The current version of EnCase ( does not support decryption of a BitLocker volume created with Windows 7 with the EDS module as it does with Microsoft Vista.

Sunday, January 10, 2010

Windows 7 Forensics - Part IV - Thumbcache_*.db

Windows 7 creates small thumbnail images of graphic files the same way previous version of Windows does, nothing new here. It stores the thumbnails in the same location as in Windows Vista:


There are files named Thumbcache_32.db, Thumbcache_96.db, Thumbcache_256.db & Thumbcache_1024.db which correspond to the thumbnails stored for that specific user account and size.

Currently, the latest release of EnCase ( does *not* parse these files correctly. The structure has slightly changed and therefore if you try and view the contents of any of the "thumbcache" files, EnCase will mount them without error, but they will appear empty. You can however, use the File Finder module to carve JPG images out of the *.db files.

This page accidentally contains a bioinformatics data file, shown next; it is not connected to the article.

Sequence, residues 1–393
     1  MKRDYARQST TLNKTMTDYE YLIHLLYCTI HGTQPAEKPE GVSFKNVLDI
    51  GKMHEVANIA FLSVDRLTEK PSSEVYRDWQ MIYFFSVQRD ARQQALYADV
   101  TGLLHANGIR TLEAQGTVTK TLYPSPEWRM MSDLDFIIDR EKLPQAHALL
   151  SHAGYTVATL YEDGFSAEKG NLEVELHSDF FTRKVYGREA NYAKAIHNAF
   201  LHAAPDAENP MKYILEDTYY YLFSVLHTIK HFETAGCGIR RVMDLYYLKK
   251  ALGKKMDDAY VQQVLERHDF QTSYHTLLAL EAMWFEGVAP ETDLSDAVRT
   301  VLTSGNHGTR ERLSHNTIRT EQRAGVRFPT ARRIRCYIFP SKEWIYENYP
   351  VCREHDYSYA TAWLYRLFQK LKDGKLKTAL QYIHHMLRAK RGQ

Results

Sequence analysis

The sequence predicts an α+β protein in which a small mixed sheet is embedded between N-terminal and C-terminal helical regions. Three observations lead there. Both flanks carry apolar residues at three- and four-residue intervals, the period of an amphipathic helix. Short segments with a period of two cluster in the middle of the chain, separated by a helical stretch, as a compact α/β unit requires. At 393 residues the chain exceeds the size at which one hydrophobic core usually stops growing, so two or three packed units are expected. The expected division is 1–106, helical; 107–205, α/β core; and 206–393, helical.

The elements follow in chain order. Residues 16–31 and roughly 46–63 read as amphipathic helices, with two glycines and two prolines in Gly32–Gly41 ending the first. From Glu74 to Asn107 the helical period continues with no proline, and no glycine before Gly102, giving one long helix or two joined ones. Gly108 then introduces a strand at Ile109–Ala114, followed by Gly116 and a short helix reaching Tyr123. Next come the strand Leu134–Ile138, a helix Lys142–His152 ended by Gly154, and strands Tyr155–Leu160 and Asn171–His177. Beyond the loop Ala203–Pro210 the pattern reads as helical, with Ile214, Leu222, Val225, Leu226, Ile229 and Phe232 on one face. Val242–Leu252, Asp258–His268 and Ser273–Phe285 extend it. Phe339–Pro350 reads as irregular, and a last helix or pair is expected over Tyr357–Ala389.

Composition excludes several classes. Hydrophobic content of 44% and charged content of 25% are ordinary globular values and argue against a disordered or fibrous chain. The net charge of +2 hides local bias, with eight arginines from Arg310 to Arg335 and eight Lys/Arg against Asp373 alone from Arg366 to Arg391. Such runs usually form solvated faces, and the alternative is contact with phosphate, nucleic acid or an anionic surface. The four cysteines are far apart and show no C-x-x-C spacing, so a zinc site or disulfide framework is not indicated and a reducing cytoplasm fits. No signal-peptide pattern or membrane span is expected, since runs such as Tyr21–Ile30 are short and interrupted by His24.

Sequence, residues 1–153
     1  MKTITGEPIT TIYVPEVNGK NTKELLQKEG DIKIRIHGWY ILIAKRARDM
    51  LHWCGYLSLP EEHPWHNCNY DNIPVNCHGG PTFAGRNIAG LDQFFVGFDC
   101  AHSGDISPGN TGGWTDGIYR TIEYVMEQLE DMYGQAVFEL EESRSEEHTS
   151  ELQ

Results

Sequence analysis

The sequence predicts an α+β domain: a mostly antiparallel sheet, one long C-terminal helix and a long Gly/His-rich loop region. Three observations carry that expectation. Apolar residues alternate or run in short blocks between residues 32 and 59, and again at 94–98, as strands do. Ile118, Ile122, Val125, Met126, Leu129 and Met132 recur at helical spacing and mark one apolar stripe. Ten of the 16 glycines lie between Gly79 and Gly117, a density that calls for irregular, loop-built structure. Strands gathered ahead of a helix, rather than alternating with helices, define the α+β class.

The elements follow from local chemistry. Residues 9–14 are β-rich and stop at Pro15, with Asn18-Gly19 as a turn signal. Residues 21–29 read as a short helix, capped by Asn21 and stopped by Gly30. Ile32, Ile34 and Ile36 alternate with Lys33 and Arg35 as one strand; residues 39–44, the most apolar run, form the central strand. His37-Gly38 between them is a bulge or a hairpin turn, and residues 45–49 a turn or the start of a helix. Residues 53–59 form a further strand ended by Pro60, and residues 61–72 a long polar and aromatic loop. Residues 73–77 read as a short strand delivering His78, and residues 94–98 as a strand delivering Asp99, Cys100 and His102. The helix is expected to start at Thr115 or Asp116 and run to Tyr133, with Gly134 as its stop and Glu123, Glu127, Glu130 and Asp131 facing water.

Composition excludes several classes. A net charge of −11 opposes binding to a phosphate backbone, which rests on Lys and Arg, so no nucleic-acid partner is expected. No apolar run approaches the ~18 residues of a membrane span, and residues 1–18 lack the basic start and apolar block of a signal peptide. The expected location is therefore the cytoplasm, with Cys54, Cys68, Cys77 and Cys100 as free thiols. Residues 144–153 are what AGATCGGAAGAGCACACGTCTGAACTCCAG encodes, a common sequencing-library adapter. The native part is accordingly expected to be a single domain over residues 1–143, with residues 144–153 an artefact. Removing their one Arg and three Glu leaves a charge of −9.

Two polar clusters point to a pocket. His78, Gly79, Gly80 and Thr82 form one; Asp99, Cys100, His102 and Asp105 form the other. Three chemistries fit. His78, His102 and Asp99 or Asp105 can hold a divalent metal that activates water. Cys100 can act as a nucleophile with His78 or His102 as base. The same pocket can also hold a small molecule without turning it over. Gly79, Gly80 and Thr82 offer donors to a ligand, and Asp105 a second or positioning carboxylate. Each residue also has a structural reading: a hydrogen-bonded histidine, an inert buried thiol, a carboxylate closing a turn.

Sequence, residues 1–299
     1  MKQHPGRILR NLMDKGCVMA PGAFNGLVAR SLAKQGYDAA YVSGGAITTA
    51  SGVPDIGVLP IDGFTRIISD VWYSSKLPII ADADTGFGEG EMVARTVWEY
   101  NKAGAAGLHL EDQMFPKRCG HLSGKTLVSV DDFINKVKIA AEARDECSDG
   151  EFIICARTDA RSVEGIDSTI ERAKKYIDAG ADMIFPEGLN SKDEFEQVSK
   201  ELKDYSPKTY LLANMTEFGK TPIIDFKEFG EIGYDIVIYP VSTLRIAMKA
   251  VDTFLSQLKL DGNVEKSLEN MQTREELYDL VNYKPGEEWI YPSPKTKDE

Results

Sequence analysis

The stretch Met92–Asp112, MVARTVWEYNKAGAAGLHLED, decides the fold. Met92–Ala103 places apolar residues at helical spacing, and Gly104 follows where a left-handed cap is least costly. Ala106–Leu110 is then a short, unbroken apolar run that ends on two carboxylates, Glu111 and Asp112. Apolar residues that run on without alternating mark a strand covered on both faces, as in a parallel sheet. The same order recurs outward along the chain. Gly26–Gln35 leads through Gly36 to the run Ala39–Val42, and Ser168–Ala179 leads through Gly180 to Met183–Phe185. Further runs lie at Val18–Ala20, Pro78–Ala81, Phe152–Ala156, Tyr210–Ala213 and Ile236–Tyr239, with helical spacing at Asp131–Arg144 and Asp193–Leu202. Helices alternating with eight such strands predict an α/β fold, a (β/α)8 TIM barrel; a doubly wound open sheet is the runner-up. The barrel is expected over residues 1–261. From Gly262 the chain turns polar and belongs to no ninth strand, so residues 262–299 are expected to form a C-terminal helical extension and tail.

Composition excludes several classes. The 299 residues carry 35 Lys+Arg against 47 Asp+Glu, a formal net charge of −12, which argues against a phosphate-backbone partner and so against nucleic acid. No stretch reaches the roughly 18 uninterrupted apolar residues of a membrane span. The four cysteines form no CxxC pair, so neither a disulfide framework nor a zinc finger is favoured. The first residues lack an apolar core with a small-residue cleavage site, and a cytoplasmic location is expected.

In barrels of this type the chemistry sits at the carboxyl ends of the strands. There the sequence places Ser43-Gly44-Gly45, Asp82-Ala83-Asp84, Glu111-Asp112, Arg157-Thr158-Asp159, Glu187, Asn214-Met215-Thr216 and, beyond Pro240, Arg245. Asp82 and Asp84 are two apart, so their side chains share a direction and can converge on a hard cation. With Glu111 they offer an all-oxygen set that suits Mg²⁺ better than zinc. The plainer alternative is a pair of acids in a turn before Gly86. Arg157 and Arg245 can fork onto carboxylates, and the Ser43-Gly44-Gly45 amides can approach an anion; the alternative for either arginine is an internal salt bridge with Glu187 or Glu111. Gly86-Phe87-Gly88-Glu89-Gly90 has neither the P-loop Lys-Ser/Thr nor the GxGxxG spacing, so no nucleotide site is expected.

If anyone is using any other tools and can confirm they handle these new Windows 7 thumbcache files correctly, please post the name in the comments so everyone can benefit and have a tool until EnCase incorporates this support.

Sunday, January 3, 2010

Forensic Practical Exercise #3

So I figured many of you may be on vacation and would like a little puzzle to work on during your free time ;)

Your company has been contacted by a very wealthy and prominent business. They have one simple request. They would like you to do some data recovery and recover one simple file. The President of the company explains that he has a USB flash device that contained one simple file and that when he gave it to the company accountant (who uses a MAC), the drive suddenly became unreadable. The President advises you that the file contains the account number of a very important bank account and that he needs that 18 digit account number. Nothing else matters to him.